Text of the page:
The parties had filed a Joint Case Management Statement in which Flo & Eddie proposed a schedule in which class certification would occur before any summary judgment motions were to be filed. Sirius disagreed with this sequence, instead requesting that the court allow it to first file a summary judgment motion as to liability to Flo & Eddie only. Overestimating the strength of its case on liability, Sirius explained that “the Court and the parties may not need to reach damages or class certification issues at all if Sirius XM is correct on the issue of liability.”
Sirius obviously assumed that it would be the party moving for summary judgment. But – surprise! – Flo & Eddie beat Sirius to the punch. Initially, Sirius went along with Flo & Eddie’s approach, reinforcing the court’s belief that it “simply desired a liability judgment, without particular regard as to the vehicle for that ruling.” That is, Sirius didn’t really object to Flo & Eddie filing an early summary judgment motion; it only inserted a footnote in its motion complaining that Flo & Eddie’s motion improperly referred to class claims and that “the timing of the motion disregard[ed] the one-way intervention doctrine.” And, oddly, Sirius did not bring its own cross-motion for summary judgment, instead choosing to make its arguments only through its opposition brief.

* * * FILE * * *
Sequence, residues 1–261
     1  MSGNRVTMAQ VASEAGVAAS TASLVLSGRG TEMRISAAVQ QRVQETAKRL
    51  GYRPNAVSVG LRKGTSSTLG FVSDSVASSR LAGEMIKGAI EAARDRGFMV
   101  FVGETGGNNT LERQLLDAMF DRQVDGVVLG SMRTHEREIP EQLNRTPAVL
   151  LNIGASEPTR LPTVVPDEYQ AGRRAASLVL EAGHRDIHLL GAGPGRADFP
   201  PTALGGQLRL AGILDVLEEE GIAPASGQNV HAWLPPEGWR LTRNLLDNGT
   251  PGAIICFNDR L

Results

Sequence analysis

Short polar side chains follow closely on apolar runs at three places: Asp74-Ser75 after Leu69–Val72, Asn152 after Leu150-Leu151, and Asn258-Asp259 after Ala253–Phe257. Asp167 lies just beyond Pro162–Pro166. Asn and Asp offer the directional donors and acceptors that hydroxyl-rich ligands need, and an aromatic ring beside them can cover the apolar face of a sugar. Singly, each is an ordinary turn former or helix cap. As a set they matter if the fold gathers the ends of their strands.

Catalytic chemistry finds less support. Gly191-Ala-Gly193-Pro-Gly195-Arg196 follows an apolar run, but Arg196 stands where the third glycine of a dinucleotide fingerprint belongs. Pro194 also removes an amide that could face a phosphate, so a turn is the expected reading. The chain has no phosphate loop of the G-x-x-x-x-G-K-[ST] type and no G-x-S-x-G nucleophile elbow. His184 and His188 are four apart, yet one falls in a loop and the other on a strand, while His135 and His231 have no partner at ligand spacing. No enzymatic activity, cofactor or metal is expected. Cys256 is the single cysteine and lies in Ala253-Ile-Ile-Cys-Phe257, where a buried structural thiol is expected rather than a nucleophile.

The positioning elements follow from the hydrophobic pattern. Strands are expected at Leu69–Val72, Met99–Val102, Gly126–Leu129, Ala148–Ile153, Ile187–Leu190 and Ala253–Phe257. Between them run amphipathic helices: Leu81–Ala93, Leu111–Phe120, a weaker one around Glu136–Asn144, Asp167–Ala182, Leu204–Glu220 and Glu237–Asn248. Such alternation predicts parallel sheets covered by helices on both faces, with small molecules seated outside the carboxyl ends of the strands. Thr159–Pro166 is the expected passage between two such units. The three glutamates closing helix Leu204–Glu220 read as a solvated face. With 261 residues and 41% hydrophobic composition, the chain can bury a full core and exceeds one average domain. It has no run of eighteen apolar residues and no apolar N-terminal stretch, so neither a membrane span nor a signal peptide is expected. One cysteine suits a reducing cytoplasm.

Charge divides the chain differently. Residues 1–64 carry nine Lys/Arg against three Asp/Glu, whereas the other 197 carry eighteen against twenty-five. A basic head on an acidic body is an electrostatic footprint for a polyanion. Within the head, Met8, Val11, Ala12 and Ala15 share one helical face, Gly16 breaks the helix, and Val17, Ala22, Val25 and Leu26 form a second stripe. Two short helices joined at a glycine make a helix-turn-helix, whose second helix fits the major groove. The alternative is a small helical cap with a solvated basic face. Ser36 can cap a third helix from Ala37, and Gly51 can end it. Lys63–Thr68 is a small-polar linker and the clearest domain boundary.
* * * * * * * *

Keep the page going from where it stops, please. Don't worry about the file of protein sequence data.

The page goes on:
The court concluded that the liability issues should be resolved first, with little concern for which party filed for summary judgment first (or whether one or both party moved for judgment). The court granted summary judgment in favor of Flo & Eddie, finding that Sirius owed the band royalties for having used its recordings without authorization.
Flo & Eddie next moved to certify a class consisting of “owners of sound recordings fixed prior to February 15, 1972 … which have been reproduced, performed, distributed, or otherwise exploited by Defendant Sirius XM in California without a license or authorization to do so during the period from August 21, 2009 to the present.” Sirius opposed the motion for class certification, arguing (among other things) that the one-way intervention rule prohibited Flo & Eddie from certifying a class after obtaining a ruling on liability.